From the Quays of the Old Port to Chinatown and from Little Italy to the Plateau Mont-Royal, Montrealers love to walk. In fact, this is their favourite way of exploring the city’s lively neighbourhoods, day and night. And getting around here is not only a breeze, it’s also fun.
From the downtown area, you can access the Montréal Underground Pedestrian Network, which is used by over 500,000 people daily. A bustling 30-kilometre network of walkways, featuring 1,700 shops, restaurants and an array of services, it connects to some 40 performance venues, theatres and cinemas, not to mention many hotels, attractions and museums.
Public transport is a great way to see the city. Hop on the metro and in just 10 minutes you’re at a museum, restaurant or in Old Montréal. Affordable and reliable, the metro can be accessed via the city’s Underground Pedestrian Network: two of the four main lines connect downtown to major tourism sites as well as to numerous bus stops and train stations.
Metro operating hours are Monday to Friday and Sunday from 5:30 a.m. to 1 a.m., and Saturday from 5:30 a.m. to 1:30 a.m. The average wait time between trains is eight minutes and three minutes during rush hour.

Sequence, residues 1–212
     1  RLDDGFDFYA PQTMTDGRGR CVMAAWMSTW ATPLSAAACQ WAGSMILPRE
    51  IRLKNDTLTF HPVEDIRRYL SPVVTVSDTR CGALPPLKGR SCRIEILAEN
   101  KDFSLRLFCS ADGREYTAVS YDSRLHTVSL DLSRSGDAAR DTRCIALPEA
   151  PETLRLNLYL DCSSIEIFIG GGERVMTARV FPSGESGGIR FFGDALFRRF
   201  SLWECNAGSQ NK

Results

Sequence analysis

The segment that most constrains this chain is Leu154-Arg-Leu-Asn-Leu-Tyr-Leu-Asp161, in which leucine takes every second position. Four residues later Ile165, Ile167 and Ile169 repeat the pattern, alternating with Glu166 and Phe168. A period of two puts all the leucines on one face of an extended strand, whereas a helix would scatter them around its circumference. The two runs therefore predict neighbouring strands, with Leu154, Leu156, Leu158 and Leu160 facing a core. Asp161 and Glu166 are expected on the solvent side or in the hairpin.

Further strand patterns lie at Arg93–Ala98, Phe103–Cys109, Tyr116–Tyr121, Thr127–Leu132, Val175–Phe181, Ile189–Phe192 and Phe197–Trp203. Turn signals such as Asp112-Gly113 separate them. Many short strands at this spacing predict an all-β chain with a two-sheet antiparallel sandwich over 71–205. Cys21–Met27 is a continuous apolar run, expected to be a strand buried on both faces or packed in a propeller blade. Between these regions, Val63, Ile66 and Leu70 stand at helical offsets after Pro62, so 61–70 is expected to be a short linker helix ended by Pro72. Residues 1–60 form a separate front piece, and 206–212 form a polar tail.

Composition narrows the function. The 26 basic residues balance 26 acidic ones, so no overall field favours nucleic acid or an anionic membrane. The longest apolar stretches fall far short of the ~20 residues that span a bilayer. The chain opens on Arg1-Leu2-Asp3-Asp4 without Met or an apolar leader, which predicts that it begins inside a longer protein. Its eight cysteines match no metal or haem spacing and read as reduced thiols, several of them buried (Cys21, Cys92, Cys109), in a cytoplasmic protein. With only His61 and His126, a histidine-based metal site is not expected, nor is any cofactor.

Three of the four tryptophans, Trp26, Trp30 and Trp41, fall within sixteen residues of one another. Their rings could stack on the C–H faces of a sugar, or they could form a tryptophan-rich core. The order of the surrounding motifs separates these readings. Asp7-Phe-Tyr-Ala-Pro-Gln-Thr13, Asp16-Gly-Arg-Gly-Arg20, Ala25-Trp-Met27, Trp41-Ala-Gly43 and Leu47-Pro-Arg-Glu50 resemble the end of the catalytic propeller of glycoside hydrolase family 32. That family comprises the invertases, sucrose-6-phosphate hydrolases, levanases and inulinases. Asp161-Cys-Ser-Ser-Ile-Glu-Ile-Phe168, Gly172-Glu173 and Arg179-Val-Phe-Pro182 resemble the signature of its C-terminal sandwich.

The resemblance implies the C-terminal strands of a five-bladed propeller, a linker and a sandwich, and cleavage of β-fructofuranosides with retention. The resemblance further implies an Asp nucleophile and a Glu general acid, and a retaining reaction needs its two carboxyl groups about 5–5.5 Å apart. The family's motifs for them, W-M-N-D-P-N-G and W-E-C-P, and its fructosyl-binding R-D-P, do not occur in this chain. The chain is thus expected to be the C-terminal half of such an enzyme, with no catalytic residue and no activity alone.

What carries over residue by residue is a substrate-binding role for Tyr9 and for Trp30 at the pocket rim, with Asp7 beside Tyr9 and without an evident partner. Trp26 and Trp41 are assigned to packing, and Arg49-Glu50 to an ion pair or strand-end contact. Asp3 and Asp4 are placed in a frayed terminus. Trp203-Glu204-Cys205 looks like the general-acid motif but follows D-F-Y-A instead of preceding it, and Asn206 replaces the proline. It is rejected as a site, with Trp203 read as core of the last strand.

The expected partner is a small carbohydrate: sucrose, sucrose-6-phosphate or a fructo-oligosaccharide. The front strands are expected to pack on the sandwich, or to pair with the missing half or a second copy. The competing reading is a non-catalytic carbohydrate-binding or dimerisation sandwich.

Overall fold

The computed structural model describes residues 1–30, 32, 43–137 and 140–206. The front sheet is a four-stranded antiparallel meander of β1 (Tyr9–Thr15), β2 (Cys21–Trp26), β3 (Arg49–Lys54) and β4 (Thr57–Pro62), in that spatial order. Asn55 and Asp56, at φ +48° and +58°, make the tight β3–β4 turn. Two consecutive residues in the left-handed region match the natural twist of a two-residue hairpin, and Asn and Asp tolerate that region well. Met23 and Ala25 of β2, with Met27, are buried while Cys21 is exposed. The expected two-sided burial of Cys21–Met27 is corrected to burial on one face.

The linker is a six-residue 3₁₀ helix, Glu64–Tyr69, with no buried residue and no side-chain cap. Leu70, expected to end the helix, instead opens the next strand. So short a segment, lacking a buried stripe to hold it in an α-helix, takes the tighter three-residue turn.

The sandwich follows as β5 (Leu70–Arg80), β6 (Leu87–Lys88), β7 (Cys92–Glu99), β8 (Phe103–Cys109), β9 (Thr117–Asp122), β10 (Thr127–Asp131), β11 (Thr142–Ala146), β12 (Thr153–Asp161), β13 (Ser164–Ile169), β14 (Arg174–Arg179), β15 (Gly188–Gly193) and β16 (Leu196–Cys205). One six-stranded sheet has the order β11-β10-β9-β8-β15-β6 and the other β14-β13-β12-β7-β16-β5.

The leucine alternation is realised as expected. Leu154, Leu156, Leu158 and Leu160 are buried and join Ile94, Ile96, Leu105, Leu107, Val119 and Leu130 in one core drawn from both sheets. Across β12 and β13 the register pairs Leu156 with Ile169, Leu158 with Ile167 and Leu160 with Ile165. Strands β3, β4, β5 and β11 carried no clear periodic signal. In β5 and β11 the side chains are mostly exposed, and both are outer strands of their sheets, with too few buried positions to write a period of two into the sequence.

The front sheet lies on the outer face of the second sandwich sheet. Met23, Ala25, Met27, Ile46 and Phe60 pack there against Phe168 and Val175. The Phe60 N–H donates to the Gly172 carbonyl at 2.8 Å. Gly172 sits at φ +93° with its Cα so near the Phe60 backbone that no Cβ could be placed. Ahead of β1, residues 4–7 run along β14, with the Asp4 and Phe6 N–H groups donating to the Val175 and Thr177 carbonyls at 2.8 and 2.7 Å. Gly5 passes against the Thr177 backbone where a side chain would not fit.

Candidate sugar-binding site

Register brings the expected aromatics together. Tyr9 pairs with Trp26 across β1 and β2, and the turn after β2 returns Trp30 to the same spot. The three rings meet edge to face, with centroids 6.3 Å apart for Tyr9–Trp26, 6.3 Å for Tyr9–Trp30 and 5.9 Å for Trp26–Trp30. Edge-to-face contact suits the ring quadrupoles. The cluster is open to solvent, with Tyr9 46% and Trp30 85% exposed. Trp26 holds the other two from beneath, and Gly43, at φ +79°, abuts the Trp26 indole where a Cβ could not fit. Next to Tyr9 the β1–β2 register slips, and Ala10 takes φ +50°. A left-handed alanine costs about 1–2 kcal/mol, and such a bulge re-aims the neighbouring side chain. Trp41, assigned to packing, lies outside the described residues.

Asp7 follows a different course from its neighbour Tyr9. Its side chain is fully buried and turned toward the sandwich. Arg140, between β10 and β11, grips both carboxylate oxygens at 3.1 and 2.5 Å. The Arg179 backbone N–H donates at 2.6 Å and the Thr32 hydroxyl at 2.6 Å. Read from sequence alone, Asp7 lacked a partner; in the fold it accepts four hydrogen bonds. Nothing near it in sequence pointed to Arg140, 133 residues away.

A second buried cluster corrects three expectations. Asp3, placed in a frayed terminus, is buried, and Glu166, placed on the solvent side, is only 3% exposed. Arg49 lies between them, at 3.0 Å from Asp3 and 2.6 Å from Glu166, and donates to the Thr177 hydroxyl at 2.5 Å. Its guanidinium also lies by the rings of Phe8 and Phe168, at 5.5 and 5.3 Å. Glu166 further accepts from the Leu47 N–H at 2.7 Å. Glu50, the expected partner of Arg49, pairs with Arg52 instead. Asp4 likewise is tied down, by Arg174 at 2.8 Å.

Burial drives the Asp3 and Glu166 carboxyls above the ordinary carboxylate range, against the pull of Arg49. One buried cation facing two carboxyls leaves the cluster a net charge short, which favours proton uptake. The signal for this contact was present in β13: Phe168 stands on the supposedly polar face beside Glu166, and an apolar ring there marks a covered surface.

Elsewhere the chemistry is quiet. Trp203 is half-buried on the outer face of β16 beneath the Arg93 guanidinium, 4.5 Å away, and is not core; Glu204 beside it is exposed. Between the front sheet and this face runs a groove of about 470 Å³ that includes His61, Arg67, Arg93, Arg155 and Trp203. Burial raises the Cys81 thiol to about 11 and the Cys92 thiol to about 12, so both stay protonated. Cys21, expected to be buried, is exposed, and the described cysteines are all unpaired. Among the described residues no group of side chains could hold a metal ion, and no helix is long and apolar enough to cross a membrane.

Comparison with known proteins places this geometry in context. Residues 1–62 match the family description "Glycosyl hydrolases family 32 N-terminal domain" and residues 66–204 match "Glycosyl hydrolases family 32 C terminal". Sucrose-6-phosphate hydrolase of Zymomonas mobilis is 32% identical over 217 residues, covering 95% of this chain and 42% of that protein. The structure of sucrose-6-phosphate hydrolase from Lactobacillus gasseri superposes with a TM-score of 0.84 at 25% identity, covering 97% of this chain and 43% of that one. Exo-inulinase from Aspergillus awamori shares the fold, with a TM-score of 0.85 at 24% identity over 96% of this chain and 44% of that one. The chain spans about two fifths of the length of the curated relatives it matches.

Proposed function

For more information about public transportation in Montreal, please visit www.stm.info.
If you prefer getting around by taxi, it’s easy to flag one down on the street. You’ll also find them at one of the city’s many taxi stands or in front of most major hotels. A trip to the airport from downtown will cost you a flat rate of $38—not including tip. Some taxis will also transport bicycles.
Montrealers are avid cyclists, and proud of it. In fact, ecologically-friendly Montréal is the first urban centre in the world to receive “Geotourism” accreditation from the National Geographic Society. The city has 350 kilometres of bike paths criss-crossing its territory, including natural parks and suburbs. To make exploring the city easier, several bike paths lead to the heart of tourism areas. Thousands of bicycle stands are available to cyclists outside metro stations as well as on major streets. During certain weekday periods and at all times on the weekend, bicycles are allowed in the first car of the metro train.
On June 24, 1845, Parliament was officially established in Montréal, making it the capital of Canada. This status then alternated every four years between Toronto and Québec City until 1857, when Queen Victoria officially declared Ottawa the country’s capital.